Robin enters with the Bridesmaids, and is astounded at the unexpected turn events have taken. Still, he has sworn to stand up for Dick through thick and thin. Therefore, while pretending to agree, he “gets his own back” by making many disquieting insinuations regarding the less respectable aspects of a sailor’s life. This clever move turns the tables on Richard, and Rose forsakes him for Robin.
A new character is introduced – Mad Margaret – whose wits have been crazed by the cruel treatment of Sir Despard Murgatroyd – the “Bad Baronet.” She is actually trying to find Rose Maybud, of whom she is jealous, having heard that Sir Despard intends to carry her off as one of his daily “crimes.” Rose tells her, however, that she need not fear, as she (Rose) is pledged to another.
Despard Murgatroyd and his following of “Bucks” and “Blades” now appear. They are welcomed by the Bridesmaids, who are tired of village swains, and are delighted with the swaggering newcomers in their gorgeous military uniforms.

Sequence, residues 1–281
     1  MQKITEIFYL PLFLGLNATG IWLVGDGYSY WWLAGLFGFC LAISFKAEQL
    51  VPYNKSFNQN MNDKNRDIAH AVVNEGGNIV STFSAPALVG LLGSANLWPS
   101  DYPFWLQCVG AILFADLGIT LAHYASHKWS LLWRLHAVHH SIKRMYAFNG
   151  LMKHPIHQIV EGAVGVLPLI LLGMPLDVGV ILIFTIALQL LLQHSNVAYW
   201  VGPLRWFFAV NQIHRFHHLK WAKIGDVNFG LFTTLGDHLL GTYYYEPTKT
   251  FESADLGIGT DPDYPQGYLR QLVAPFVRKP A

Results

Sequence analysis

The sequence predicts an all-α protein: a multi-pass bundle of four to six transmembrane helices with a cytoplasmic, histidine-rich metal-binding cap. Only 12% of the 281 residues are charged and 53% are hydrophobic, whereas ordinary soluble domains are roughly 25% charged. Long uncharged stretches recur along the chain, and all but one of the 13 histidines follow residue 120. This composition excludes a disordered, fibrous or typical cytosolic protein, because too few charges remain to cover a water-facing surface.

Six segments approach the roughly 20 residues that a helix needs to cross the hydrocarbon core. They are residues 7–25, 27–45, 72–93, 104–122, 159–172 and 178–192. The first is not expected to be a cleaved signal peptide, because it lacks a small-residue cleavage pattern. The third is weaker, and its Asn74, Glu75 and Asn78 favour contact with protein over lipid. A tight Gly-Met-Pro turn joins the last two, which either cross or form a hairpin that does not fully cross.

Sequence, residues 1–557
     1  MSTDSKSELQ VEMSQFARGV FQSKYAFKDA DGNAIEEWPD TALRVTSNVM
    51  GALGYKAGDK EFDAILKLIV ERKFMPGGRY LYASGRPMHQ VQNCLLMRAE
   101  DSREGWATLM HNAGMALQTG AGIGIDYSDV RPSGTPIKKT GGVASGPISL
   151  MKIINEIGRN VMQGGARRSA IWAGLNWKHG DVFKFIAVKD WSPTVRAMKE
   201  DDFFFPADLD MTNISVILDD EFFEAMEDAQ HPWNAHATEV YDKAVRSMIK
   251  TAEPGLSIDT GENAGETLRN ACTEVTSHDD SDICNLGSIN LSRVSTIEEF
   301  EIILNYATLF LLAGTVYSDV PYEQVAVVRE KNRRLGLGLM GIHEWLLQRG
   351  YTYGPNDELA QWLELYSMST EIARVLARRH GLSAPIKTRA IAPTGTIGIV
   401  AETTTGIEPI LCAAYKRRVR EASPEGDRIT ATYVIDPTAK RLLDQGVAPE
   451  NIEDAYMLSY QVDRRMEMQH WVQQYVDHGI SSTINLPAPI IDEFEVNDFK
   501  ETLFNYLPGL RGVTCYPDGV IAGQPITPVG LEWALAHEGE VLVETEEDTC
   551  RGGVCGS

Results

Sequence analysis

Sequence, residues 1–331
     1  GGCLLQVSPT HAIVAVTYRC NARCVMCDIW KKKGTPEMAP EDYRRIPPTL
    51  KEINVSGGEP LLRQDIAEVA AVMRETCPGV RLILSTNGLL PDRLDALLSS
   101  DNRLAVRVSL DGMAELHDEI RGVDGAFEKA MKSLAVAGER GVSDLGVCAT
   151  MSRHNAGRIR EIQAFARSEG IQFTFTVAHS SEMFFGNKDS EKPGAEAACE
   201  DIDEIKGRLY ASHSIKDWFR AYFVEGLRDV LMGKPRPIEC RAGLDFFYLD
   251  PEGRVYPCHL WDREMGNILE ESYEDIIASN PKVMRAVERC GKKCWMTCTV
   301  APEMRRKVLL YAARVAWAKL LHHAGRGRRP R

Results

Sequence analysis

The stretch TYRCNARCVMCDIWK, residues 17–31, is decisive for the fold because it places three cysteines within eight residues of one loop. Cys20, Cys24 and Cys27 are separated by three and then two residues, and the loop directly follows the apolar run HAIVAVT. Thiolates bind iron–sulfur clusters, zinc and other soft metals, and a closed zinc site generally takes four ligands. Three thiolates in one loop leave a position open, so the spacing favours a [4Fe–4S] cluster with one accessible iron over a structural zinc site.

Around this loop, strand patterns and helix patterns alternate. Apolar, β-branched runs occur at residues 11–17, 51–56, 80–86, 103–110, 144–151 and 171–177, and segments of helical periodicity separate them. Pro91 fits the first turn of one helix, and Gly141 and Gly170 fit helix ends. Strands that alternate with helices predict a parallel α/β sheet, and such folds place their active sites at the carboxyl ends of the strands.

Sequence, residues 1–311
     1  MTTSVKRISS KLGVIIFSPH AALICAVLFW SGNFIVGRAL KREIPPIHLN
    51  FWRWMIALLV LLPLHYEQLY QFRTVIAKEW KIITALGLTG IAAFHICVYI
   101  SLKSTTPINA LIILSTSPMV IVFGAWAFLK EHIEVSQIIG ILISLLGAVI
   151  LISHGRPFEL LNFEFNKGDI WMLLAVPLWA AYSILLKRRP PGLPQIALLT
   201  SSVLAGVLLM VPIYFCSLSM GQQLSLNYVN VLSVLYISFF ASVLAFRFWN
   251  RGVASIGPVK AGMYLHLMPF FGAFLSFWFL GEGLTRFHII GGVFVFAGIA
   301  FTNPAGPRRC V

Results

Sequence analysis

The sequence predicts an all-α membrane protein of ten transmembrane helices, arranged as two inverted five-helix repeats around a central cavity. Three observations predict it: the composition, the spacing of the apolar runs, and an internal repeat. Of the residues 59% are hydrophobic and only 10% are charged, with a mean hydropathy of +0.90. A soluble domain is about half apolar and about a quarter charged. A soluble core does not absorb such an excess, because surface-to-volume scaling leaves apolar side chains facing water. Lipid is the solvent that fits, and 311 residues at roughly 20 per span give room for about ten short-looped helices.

Despard bewails his lot, as one who, being really thoroughly good, is condemned to be thoroughly bad. He tries to balance his account of evil and good by getting his crime over the first thing in the morning, and then doing good for the rest of the day. For example, in the morning he steals a child, and then builds an orphan asylum.
Richard enters, and to pay off his score against Robin, he reveals his secret to Despard, who is overjoyed to learn that he is not the real heir, but that his elder brother is still living.